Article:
I needed some light reading after Memoirs of Albert Speer, so I picked up The Pyramids of Egypt by I.E.S. Edwards. Old book first printed in 1955 tracing the historical development of Pyramids in Egypt, and the religious beliefs associated with them etc. First printed in 1955, it remains a classic and an authoritative work on pyramids. My own copy is from 1978.
But just as I was about to start on this, I picked up another book. On impulse. And I read through its 350 pages in a day, because...it was great fun.
IACOCCA - An Autobiography by Lee Iacocca (with William Novak)
He’s an American legend, a straight-shooting businessman who brought Chrysler back from the brink and in the process became a media celebrity, newsmaker, and a man many had urged to run for president.
The son of Italian immigrants, Lee Iacocca rose spectacularly through the ranks of Ford Motor Company to become its president, only to be toppled eight years later in a power play that should have shattered him. But Lee Iacocca didn’t get mad, he got even. He led a battle for Chrysler’s survival that made his name a symbol of integrity, know-how, and guts for millions of Americans.
In his classic hard-hitting style, he tells us how he changed the automobile industry in the 1960s by creating the phenomenal Mustang. He goes behind the scenes for a look at Henry Ford’s reign of intimidation and manipulation. He recounts the miraculous rebirth of Chrysler from near bankruptcy to repayment of its $1.2 billion government loan so early that Washington didn’t know how to cash the check.
Entertaining. Very very Entertaining. It does not matter what your views on Big Business are, if you read this book, you will admire this man for his skill, his tenacity, his genius and most importantly, his guts. This man had above average balls. And used every inch he had to achieve success at whatever he did.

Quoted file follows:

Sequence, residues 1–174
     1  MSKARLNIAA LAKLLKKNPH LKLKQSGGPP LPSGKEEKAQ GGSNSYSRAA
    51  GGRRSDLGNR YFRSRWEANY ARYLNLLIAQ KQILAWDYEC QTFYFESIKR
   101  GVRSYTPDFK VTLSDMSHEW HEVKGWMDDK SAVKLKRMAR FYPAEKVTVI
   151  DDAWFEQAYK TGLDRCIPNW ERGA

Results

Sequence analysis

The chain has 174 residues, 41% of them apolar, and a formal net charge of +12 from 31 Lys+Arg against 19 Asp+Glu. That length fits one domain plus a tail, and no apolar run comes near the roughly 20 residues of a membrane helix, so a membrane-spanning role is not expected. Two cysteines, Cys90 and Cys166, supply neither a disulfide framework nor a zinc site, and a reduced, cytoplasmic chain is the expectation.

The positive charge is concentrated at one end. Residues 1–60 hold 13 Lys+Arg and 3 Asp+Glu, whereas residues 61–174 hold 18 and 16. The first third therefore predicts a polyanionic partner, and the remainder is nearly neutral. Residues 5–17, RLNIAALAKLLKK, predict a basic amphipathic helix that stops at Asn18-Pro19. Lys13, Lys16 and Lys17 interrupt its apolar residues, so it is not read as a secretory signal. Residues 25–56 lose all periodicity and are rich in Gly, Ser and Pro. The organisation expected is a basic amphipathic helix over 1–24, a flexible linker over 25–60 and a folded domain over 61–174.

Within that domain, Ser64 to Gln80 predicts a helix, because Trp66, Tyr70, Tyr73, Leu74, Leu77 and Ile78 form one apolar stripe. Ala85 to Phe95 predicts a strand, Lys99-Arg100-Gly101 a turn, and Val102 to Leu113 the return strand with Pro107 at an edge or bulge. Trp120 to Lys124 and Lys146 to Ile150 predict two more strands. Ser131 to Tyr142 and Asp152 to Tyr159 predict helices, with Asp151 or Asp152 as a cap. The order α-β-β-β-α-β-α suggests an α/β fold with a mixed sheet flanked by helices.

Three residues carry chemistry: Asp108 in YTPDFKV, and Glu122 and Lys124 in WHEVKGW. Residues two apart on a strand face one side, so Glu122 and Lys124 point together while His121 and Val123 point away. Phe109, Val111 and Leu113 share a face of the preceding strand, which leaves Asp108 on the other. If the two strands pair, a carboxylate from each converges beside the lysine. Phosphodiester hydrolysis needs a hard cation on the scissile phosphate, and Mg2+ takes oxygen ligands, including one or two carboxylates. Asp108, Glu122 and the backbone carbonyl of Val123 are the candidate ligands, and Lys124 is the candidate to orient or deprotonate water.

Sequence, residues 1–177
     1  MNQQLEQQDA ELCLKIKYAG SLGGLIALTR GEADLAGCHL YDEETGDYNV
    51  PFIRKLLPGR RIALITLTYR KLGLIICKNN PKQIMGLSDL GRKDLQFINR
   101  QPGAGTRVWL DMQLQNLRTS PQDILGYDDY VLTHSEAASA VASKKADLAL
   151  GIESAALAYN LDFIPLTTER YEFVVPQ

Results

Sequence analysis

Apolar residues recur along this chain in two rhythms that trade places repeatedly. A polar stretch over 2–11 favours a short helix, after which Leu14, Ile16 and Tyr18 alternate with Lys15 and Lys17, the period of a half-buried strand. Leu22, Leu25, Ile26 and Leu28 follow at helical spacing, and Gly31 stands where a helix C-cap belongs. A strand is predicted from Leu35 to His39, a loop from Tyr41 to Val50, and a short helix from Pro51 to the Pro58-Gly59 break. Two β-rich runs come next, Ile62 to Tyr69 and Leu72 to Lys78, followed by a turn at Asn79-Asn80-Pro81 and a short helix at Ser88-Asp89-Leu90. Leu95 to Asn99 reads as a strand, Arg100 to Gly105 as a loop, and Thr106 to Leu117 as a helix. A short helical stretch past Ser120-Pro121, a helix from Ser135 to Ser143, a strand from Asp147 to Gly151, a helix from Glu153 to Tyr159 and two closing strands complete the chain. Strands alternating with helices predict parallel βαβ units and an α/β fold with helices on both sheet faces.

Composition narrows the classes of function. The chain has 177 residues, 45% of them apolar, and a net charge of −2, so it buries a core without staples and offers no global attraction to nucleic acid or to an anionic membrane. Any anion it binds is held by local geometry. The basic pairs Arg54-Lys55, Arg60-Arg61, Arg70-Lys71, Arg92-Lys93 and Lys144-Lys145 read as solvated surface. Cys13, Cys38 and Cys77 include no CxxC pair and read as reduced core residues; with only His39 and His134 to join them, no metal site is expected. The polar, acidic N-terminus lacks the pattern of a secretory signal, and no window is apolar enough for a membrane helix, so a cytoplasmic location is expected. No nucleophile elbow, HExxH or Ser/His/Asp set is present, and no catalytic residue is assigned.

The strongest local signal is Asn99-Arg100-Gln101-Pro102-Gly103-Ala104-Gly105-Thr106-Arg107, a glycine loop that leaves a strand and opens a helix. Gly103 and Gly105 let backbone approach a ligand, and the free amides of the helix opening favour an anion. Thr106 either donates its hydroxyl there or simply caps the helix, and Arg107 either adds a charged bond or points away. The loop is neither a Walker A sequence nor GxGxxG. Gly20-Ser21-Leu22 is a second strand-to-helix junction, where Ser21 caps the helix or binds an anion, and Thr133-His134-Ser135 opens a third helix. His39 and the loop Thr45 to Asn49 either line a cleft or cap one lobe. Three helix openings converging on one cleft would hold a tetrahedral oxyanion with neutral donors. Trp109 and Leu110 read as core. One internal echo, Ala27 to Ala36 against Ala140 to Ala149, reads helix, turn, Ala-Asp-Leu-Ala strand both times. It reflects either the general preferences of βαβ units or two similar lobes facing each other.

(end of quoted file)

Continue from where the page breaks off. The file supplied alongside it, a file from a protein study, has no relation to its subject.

"... The defense budget is $300 billion. I'm a businessman. Believe me, I can cut 5% out of anything and you'll never know I did it. In fact, I've been doing it all my life."
Now for The Pyramids of Egypt, I'm 75 pages in and its evidently very well researched. The writing style is lucid and easy to understand, and the man really knows what he is writing about. The Introduction really is a proper guide to everything that the book will cover, and those illustrations. 57 of them in a 296-page book. All highly detailed.
The pyramids of Egypt, like the identities of homer and Shakespeare,have always been considered fair game for the theories of amateurs and cranks.Standing solid and enormous in the desert west of the Nile,their eerie grandeur has caused men to marvel for thousands of years.
Dr Edwards draws both on his research and on the work of many archaeologists who have dug in Egypt. Surveying 1000 years of pyramid-building, he charts the rise and decline of the pyramids as funerary monuments, from the mastabas of the first and second dynasties and the step pyramids to the archaic and backward-looking efforts of the Middle Kingdom, and discusses the famous group at Giza. His final chapter, dealing with their construction and purpose, puts the pyramids into the perspective of ancient Egyptian society.
I am going to enjoy this.